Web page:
Authors: Dinh KT, Yang DD, Nead KT, Reznor G, Trinh QD, Nguyen PL
Title: Association between androgen deprivation therapy and anxiety among 78 000 patients with localized prostate cancer.
Journal: Int J Urol 24(10):743-748
Date: 2017 Oct
PubMed ID: 28734019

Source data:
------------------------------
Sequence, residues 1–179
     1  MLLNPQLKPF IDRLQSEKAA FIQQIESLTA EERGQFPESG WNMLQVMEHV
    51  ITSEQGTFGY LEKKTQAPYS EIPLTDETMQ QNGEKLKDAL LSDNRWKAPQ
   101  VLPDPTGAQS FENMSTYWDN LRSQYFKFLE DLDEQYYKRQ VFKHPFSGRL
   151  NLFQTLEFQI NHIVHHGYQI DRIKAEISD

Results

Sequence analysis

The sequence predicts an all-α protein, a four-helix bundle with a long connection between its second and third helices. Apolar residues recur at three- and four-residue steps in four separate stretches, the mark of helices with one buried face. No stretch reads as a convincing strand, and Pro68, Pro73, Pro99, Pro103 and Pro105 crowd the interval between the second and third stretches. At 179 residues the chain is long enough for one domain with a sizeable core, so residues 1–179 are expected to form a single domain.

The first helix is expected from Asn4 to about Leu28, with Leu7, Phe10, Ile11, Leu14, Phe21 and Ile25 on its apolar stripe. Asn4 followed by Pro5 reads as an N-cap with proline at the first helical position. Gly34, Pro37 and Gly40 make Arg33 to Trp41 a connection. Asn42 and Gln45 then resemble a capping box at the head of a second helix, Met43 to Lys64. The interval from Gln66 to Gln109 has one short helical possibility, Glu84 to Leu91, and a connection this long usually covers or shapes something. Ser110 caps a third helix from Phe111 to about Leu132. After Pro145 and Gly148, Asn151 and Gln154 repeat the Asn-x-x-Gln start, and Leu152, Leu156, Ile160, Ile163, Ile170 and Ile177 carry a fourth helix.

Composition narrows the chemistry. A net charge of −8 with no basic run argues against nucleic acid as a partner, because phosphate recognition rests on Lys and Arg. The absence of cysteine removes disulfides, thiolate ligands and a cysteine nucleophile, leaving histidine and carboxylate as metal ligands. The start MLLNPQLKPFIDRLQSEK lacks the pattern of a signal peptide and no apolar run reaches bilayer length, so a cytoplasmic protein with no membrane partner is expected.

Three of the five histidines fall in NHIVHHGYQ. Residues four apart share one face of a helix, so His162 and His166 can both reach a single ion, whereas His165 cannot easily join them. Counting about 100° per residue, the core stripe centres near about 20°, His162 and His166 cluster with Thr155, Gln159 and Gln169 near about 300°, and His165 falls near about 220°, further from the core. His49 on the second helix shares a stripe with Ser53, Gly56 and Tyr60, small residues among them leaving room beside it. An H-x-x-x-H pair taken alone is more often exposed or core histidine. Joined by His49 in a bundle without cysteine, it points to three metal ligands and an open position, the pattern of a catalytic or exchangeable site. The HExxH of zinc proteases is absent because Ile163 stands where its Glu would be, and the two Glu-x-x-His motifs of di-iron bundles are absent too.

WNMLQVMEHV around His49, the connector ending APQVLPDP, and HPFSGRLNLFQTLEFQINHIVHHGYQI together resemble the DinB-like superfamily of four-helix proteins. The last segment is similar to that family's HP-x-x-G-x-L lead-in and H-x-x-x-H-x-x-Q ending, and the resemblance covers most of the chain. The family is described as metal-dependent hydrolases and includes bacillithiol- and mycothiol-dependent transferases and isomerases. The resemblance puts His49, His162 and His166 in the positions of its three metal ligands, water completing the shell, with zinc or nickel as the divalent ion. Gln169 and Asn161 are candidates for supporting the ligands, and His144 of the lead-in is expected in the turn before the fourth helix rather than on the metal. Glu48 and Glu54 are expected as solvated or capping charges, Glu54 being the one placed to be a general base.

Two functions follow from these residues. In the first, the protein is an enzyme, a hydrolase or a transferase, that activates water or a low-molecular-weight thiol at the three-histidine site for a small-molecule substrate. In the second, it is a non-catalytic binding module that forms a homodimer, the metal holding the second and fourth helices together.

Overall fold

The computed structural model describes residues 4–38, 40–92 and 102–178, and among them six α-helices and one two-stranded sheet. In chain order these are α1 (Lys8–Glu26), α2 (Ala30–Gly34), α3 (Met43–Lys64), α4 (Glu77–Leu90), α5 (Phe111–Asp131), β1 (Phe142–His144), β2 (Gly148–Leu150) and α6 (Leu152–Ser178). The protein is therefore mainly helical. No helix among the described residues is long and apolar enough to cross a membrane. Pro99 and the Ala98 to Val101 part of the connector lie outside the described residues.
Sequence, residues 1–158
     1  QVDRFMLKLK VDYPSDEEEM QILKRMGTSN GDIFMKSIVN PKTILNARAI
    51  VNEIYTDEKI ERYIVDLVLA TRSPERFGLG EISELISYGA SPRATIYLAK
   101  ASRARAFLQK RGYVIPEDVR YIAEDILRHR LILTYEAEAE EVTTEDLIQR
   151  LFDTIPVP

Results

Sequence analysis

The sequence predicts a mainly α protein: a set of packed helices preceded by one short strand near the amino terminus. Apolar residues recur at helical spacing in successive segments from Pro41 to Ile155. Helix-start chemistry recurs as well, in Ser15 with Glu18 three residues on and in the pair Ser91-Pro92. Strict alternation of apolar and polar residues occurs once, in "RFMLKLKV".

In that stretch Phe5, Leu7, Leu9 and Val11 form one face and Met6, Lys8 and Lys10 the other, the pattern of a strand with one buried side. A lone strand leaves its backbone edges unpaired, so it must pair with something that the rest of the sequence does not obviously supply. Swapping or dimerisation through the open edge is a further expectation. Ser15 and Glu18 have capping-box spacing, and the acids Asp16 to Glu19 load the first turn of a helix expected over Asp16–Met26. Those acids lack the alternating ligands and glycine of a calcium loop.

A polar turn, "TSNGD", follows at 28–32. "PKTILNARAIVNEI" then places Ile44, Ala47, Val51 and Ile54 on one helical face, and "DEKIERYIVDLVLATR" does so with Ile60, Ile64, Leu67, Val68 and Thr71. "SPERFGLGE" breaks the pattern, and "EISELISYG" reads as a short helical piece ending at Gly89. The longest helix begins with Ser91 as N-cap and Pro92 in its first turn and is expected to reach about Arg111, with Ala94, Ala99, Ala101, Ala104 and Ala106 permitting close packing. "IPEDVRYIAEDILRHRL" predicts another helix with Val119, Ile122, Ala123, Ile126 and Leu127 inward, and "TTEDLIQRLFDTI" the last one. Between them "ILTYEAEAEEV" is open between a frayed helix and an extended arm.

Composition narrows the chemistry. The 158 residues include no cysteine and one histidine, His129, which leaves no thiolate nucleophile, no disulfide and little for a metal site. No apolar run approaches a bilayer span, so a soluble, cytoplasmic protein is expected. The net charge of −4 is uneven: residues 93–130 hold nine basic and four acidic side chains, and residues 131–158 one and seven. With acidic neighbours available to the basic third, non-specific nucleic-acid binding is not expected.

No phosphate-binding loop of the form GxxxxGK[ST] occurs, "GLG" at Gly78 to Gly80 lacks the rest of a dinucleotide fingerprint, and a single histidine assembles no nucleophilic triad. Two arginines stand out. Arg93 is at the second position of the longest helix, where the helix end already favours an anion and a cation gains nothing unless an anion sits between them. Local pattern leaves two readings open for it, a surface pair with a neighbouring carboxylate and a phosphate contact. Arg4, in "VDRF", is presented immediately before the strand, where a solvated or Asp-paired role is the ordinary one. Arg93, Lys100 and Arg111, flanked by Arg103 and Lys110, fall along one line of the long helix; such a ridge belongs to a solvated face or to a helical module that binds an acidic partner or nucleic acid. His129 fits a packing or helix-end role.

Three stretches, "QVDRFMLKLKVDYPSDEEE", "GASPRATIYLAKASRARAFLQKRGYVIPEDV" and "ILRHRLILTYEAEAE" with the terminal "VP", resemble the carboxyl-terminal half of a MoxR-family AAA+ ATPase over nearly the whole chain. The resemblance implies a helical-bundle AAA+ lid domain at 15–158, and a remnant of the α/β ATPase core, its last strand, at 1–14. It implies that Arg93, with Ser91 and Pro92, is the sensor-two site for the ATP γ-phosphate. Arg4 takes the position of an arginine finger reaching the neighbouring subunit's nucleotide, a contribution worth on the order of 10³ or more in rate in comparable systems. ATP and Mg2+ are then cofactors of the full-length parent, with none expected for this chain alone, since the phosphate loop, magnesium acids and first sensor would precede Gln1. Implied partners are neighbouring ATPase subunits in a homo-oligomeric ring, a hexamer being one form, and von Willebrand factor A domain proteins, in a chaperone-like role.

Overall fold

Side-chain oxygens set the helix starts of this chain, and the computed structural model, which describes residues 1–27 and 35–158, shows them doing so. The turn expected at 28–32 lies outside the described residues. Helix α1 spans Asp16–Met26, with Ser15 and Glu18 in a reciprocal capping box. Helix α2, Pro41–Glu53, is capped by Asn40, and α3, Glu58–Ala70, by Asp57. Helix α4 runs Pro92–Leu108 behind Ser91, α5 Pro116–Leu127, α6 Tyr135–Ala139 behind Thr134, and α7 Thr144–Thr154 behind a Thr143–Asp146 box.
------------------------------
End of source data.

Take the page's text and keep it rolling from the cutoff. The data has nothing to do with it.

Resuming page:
Abstract: OBJECTIVES: To examine whether any androgen deprivation therapy use or longer duration is associated with an increased risk of anxiety in patients with prostate cancer. METHODS: We identified 78 552 men aged ≥66 years with stage I-III prostate cancer using the Surveillance, Epidemiology, and End Results-Medicare linked database from 1992 to 2006, excluding patients with psychiatric diagnoses within the year prior or 6 months after prostate cancer diagnosis. Multivariable Cox regression was used to examine the association between pharmacological androgen deprivation therapy and diagnosis of anxiety. RESULTS: The 43.1% (33 882) of patients who received androgen deprivation therapy experienced a higher 3-year cumulative incidence of anxiety compared with men who did not (4.1% vs 3.5%, P < 0.001). Any androgen deprivation therapy use was associated with a nearly significant increased risk of anxiety (adjusted hazard ratio 1.08, 95% confidence interval 1.00-1.17, P = 0.054). There was a significant trend between a longer duration of therapy and increased risk of anxiety (P-trend = 0.012), with a 16% higher risk for ≥12 months (adjusted hazard ratio 1.16, 95% confidence interval 1.04-1.29, P = 0.010). CONCLUSIONS: Androgen deprivation therapy was associated with an elevated risk of anxiety in this cohort of elderly men with localized prostate cancer, with the risk higher with a longer duration of treatment. Anxiety should be considered among the possible psychiatric effects of androgen deprivation therapy and discussed before initiating treatment, particularly if a long course is anticipated.